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News » With Vikings, Rosenfels finally gets his shot 2009-02-27

With Vikings, Rosenfels finally gets his shot 2009-02-27

With Vikings, Rosenfels finally gets his shot 2009-02-27
He will spend this weekend at the nuptials of former Houston Texans teammate Eric Winston.

But first, Sage Rosenfels had another marriage to attend.


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Rosenfels and the Minnesota Vikings officially tied the knot Friday when he was acquired from the Texans for a 2009 fourth-round draft choice. And talk about your wedding gifts. Not only is he the likely new starter for a division-winning team, agent Rick Smith negotiated a two-year, $9 million contract extension that includes $5 million in guarantees (he's due to earn a $1.35 million base salary in 2009 as part of his original Texans contract).

"I wasn't sure what was going to happen this year because you never know what teams are thinking," Rosenfels told FOXSports.com on Thursday morning while heading to Minnesota (the Texans allowed Rosenfels to take his Vikings physical one day early so he could attend Winston's wedding).

"I've always hoped for this opportunity. Now that it actually did happen, I couldn't be happier."

But for this marital bliss to last, Rosenfels must prove he is an upgrade to incumbent Tarvaris Jackson and that the Vikings were wise not to pursue a more established veteran free-agent quarterback like Kurt Warner or Kerry Collins. Otherwise, this relationship could end in a divorce that costs Vikings coach Brad Childress his job and ruins any chance Rosenfels has of ever establishing himself as more than a backup.

During his eight-year NFL career, Rosenfels has a 6-6 career mark as a starter. Ten of those appearances came the past two seasons in Houston when replacing the injured Matt Schaub. Rosenfels' statistics are as middle-of-the-road as his starting record — a career 62.5 completion percentage with 30 touchdowns and 29 interceptions.

His most memorable NFL moment was one Rosenfels literally doesn't remember. That's a good thing.

He experienced one of the greatest individual meltdowns in league history during last October's 31-27 home loss to Indianapolis. The Texans squandered a 17-point lead with less than five minutes remaining as Rosenfels committed three turnovers, including a lost fumble on a play that invoked flashbacks of Denver quarterback John Elway's "helicopter" against Green Bay in Super Bowl XXXII.

Rosenfels believes he suffered a concussion when spun in the air on a hit by Colts defensive end Raheem Brock. Rosenfels was trying to dive for a first down on a third-and-eight inside Colts territory, which he admits was a major mistake under the circumstances.

"I remember running and going up. The rest of the game is pretty foggy," said Rosenfels, who proceeded to lose another fumble and throw an interception. "It's disappointing because I was playing one of the best games of my life for the first 56 minutes.

"People who know me and my teammates know there's a lot more to Sage Rosenfels than one play. It was a play where I gave too much effort and didn't use my mind. I tried to make too much happen and it cost me and my team. I hope between now and the end of my career that I can make some great plays where people remember me for the right reasons."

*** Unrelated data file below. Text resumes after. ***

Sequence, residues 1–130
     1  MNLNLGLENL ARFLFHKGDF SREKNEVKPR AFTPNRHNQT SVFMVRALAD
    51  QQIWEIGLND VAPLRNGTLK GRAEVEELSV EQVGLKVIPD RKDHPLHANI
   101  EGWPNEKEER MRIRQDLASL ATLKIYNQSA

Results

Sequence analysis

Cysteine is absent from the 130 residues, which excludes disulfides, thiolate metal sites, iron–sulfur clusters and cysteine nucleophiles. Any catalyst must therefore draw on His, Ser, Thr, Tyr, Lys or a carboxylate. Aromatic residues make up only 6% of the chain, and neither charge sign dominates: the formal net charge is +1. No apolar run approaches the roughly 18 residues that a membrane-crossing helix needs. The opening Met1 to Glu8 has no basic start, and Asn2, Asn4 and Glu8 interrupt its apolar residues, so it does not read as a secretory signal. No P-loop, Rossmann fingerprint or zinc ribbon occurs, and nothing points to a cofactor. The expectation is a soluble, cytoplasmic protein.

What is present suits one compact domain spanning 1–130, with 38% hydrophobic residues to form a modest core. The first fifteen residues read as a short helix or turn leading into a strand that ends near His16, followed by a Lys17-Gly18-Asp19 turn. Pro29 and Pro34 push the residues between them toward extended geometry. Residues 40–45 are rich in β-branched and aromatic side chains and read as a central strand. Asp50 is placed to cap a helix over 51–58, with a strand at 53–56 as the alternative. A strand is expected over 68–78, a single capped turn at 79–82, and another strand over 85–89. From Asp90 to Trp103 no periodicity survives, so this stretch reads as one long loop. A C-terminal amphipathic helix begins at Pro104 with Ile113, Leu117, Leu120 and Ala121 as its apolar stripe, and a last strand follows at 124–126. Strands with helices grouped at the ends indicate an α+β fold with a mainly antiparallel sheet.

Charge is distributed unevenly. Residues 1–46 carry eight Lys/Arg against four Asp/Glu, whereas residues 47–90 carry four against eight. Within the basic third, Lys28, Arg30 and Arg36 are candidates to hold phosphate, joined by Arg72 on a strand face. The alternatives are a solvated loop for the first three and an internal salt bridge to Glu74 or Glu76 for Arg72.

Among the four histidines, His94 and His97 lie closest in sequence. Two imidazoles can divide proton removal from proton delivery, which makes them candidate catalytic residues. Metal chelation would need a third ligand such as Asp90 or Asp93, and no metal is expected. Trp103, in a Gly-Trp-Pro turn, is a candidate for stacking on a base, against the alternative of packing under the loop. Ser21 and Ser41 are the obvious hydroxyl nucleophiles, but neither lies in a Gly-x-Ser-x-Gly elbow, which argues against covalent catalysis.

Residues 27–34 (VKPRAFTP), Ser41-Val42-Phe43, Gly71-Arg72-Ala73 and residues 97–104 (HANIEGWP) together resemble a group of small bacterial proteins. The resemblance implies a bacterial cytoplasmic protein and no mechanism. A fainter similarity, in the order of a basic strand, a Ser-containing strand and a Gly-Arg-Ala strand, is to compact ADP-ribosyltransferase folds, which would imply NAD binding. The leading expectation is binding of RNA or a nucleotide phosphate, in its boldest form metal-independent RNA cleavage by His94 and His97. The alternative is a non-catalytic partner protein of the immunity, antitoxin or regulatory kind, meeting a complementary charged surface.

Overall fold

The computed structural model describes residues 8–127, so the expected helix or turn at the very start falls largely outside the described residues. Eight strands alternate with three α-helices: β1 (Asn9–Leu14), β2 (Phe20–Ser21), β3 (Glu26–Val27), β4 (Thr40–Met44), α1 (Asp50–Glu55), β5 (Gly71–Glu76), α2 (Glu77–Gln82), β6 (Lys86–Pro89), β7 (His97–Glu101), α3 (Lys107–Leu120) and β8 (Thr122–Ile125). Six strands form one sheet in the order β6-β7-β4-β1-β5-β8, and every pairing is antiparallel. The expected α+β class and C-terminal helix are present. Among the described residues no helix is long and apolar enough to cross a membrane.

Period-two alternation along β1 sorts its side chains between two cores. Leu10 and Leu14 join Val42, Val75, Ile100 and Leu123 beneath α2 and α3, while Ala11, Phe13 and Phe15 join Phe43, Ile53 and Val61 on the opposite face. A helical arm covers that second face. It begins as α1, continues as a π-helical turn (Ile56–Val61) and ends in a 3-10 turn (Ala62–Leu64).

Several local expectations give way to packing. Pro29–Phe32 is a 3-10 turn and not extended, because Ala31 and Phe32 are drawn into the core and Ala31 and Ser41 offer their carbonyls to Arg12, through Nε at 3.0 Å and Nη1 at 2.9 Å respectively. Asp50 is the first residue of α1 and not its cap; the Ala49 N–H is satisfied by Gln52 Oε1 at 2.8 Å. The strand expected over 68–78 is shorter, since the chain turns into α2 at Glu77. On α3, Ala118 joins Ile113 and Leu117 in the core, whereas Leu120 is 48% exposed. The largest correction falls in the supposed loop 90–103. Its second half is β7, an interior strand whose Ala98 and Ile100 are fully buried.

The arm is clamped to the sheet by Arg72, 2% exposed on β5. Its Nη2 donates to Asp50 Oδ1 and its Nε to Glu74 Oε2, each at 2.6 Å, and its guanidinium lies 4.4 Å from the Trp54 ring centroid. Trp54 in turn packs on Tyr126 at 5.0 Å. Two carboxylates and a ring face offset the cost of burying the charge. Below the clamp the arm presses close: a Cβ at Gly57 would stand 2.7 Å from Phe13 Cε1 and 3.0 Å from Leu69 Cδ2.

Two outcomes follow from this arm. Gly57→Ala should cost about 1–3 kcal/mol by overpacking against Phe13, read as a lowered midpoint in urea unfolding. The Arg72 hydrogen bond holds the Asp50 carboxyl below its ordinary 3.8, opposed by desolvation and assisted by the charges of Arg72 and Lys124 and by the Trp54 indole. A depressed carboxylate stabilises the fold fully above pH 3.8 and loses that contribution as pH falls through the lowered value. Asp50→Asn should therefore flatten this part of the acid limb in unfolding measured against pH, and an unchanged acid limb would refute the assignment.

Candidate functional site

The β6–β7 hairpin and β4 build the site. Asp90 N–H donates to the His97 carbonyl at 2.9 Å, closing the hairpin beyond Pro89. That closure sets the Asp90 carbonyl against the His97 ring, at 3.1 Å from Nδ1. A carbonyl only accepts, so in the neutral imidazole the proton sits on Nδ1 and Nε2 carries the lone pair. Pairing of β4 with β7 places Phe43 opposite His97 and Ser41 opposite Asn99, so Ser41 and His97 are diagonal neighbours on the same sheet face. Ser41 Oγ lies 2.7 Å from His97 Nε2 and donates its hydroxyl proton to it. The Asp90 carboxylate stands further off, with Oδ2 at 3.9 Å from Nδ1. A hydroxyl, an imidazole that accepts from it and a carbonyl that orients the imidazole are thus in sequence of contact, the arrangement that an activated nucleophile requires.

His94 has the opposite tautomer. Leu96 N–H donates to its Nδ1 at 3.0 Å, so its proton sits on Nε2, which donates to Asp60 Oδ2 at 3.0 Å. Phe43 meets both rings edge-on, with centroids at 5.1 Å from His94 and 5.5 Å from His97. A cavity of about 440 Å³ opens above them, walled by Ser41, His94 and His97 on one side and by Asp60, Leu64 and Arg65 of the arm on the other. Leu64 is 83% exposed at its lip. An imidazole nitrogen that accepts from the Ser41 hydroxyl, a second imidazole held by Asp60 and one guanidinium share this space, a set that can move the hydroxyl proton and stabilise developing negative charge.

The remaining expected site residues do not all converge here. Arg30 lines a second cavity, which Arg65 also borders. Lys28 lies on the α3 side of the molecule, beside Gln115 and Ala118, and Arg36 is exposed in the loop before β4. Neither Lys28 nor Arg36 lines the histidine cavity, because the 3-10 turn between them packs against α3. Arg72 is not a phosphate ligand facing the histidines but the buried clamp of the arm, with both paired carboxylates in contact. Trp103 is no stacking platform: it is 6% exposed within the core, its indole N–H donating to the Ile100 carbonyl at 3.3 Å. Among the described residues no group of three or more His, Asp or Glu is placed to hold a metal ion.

The Vikings are convinced that will happen, especially after seeing Rosenfels rebound first-hand three weeks later. In his first appearance since the Colts game, Rosenfels was 21-of-29 passing for 224 yards with two touchdowns and one interception in a 28-21 loss at Minnesota.

Rosenfels has shown flashes of being able to post such numbers on a consistent basis. He was just never given a legitimate chance to compete for a first-string spot until now.

No front office staff knows Rosenfels better than Minnesota's. Rick Spielman, the club's vice president of player personnel, traded with Washington for Rosenfels in 2002 while holding a similar position with Miami. The Vikings tried to acquire Rosenfels last offseason but were unwilling to meet Houston's demand for a second-round draft choice.

In retrospect, the Vikings should have upped the ante to get the deal done.

Quarterback play was the biggest reason Minnesota lost its first-round home playoff game against Philadelphia. Jackson was horrific in that 26-14 loss, completing just 15 of 35 attempts for 164 yards with one interception and no scores.

After floundering in Minnesota's first two games last season, Jackson lost his starting spot to journeyman Gus Frerotte. One of Jackson's teammates said he had the "deer-in-the-headlight" look inside the huddle that caused Vikings players to lose confidence in him. Any strides that Jackson made when returning to the starting lineup at the end of the season were undone by the Eagles loss.

Rosenfels won't lack bravado in what will likely be a training camp battle with Jackson for the starting spot (Minnesota is expected to cut Frerotte soon). Rosenfels also believes he has the skill set that will make him a good fit for Minnesota's West Coast-style offense spearheaded by all-pro running back Adrian Peterson.

"Hopefully I can add some things to the mix and push the offense over the top," Rosenfels said. "In Houston, we did a lot of play-action and bootlegging. I think with the way Minnesota runs the ball, some of that stuff will fit right in."

Like a ring on a finger.

Author:Fox Sports
Author's Website:http://www.foxsports.com
Added: February 27, 2009

TJ Rushing Name: TJ Rushing
Position: S
Age: 25
Experience: 3 years
College: Stanford
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